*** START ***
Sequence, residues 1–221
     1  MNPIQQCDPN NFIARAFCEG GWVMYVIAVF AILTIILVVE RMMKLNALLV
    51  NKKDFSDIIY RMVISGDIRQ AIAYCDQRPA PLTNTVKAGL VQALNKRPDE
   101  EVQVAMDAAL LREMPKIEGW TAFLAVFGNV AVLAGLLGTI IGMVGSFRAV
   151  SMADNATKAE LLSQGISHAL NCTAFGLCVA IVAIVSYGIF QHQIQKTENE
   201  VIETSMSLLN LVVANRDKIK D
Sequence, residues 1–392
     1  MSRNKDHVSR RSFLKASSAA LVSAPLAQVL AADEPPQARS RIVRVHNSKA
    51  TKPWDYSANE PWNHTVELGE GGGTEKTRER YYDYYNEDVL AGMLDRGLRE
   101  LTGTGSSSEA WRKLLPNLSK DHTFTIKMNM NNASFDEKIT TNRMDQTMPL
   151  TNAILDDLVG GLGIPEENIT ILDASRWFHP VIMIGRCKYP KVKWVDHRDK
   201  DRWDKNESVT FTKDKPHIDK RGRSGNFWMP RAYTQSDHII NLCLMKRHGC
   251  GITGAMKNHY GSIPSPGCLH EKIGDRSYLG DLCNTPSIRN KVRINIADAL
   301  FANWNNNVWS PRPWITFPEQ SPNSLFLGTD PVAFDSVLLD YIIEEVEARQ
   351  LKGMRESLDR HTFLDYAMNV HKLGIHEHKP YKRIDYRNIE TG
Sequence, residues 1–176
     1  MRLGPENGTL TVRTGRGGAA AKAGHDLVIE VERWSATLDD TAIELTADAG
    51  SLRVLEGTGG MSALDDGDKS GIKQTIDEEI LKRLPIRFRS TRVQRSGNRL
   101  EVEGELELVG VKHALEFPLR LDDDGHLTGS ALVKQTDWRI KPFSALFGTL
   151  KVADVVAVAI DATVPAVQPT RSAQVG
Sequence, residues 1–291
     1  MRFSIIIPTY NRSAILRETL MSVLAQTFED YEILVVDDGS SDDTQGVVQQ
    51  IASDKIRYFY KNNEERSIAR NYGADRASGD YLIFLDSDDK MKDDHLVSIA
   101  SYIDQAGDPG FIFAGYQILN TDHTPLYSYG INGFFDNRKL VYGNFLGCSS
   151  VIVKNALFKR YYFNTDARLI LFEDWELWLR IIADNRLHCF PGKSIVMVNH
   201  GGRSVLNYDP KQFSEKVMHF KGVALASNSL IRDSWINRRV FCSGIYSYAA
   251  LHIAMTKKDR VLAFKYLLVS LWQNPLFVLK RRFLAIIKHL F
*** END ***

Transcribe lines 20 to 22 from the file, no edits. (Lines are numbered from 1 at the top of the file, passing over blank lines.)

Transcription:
   151  KVADVVAVAI DATVPAVQPT RSAQVG
Sequence, residues 1–291
     1  MRFSIIIPTY NRSAILRETL MSVLAQTFED YEILVVDDGS SDDTQGVVQQ